Father Soldier Son
Directors: Catrin Einhorn, Leslye Davis
Cast: Brian Eisch, Isaac Eisch, Joseph Eisch, Maria Eisch, Jordan Delano, Jaxon Eisch
There have been Indian films that have spoken about the valour of our military or police force. We have seen how families have rallied around after the man of the house is killed in action, and in what is seen as pure patriotism, a son is later sent to join the forces. A Netflix documentary, Father Soldier Son, helmed by Catrin Einorn and Leslye Davis – and produced with the help of the New York Times – follows an American family for almost a decade, documenting its tragedies and happier times. The narrative is excellent in a comfortable run time of 99 minutes.
American soldier, a doting father of two boys, Brian Eisch has to serve in treacherous Afghanistan. He is a divorcee, and his boys have to live with their uncle, seeing their father once in six months when he returns home on leave. It is not easy for the boys, both under 12, with a mother gone and a father serving the US Army in a far away land. But Brian is too much of a patriot who believes that he must fight for his country. But after an injury, he is forced to quit the army. With his leg amputated, he knows that he can never return to the battlefield.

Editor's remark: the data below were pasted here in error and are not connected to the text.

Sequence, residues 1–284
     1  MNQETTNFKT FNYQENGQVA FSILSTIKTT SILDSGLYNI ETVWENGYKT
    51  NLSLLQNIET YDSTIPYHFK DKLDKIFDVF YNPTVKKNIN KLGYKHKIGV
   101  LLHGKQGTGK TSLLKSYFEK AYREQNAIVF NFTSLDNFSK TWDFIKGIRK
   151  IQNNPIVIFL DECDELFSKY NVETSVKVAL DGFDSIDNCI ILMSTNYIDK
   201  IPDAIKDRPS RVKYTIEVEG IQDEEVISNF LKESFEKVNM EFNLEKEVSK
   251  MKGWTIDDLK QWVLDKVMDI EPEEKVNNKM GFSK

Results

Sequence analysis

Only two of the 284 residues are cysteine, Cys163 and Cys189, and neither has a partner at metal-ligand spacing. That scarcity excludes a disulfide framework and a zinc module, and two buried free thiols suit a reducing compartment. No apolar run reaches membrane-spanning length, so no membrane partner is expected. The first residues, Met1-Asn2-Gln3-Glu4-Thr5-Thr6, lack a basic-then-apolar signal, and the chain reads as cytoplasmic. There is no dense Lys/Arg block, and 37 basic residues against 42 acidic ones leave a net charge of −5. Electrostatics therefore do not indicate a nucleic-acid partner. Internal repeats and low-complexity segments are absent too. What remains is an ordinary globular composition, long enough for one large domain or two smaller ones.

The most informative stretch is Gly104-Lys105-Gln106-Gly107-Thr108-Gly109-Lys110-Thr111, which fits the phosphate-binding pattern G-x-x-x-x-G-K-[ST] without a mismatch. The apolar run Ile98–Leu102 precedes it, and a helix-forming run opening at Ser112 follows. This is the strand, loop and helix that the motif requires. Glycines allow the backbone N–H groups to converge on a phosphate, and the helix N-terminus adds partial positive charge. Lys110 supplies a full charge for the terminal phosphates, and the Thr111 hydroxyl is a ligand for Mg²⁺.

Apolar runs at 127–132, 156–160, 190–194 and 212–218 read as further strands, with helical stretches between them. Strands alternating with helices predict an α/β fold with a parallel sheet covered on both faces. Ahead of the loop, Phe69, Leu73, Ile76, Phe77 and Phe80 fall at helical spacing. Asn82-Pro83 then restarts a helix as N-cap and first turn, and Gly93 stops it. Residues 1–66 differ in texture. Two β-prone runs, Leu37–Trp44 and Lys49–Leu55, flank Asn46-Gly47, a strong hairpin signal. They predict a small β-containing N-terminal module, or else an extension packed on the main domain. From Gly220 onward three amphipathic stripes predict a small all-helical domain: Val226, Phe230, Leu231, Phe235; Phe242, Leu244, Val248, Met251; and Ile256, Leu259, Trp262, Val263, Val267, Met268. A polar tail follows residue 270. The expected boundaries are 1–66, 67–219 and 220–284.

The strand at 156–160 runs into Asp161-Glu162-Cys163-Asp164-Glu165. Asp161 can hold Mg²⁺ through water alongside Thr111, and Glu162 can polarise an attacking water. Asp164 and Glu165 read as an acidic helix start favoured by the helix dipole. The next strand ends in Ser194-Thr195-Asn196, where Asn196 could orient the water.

He is disillusioned and finds it hard to get over his handicap. It is not so much about losing a leg as it is about trying to tame his patriotic instinct. And he is in a hurry to see his sons grow up so that they may uphold the family tradition of serving the country. While the younger son is okay with the idea, the elder boy is not too keen. He wishes to go to college. But Brian and his new girlfriend try and convince the son that life in the Army is gloriously rewarding.
A terrible tragedy intervenes that forces the family to rethink. But only for a while.
The documentary does meander at times, but happily stays away from moralising. The directors – who are journalists – give us a story that is gripping most of the time. There is no voiceover, and even the interviews ( a real bore in most of the documentaries) are kept to the very minimum. They are almost snippets which push the story seamlessly.
In the end, the elder son does enlist in the Army, but questions why he and his countrymen ought to be fighting a war in Afghanistan. What is the idea behind this conflict? Indeed a very relevant question! But the answer does not come. He has been asked to don the uniform, and he will do it. A very distressing moment in Father Soldier Son. Indeed so.
(Gautaman Bhaskaran is author, commentator and movie critic)